Drinking alcohol while pregnant can increase childhood leukemia

Drinking mothers increase their unborn babies' risk of developing
acute myeloid leukemia (AML) says a study published in Cancer
Epidemiology, Biomarkers, & Prevention. Adding to the list of
reasons not to drink while pregnant, the increased risk of AML in
children between the ages of 0 and 4 was shown to increase in mothers
that self-reported consuming one drink per week.

The study also took into account the kind of alcohol consumed. The
risk remained the same regardless of the kind of alcohol. “The
recommendation not to drink alcohol during pregnancy concerns all types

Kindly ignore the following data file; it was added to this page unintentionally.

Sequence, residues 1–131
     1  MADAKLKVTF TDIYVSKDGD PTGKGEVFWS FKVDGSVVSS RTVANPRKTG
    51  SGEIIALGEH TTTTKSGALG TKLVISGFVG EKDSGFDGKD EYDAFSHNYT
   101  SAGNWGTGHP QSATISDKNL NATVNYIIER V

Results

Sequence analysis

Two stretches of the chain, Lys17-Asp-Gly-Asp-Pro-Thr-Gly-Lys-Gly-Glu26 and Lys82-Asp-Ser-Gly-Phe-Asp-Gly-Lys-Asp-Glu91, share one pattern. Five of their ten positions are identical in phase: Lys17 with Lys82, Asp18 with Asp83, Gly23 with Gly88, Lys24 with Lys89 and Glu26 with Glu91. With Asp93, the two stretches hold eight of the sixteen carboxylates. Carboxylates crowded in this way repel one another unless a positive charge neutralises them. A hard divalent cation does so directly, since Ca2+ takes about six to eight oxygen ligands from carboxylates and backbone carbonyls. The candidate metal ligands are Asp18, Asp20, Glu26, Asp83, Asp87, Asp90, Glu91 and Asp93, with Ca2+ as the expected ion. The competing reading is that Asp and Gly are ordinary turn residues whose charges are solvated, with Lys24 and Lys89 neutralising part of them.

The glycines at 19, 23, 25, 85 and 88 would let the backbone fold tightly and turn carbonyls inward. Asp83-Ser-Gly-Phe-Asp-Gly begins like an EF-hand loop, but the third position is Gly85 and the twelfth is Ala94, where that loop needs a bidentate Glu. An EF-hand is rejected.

of alcoholic beverages,” advises Dr. Paule Latino-Martel, the lead
researcher for the study.

The study found women who drank alcohol during the second and third
trimester showed an increased risk of AML developing in their babies.
The reason why in-utero exposure to alcohol may increase the risk of
AML in younger children is still unknown and requires further
investigation, the study noted.

AML, typically rare in children, is a rapidly progressing cancer of
the blood and bone marrow affecting the development of vital
life-giving red and white blood cells and platelets. AML patients
typically experience anemia, easy bleeding, higher risk of infection
and the danger of leukemia cells spreading to other organ systems in
the body.

The Leukemia and Lymphoma Society website states that treatment of
AML in children is less likely to bring about remission when under the
age of one. Treatment for leukemia in children can also have long-term
or late effects involving growth and development.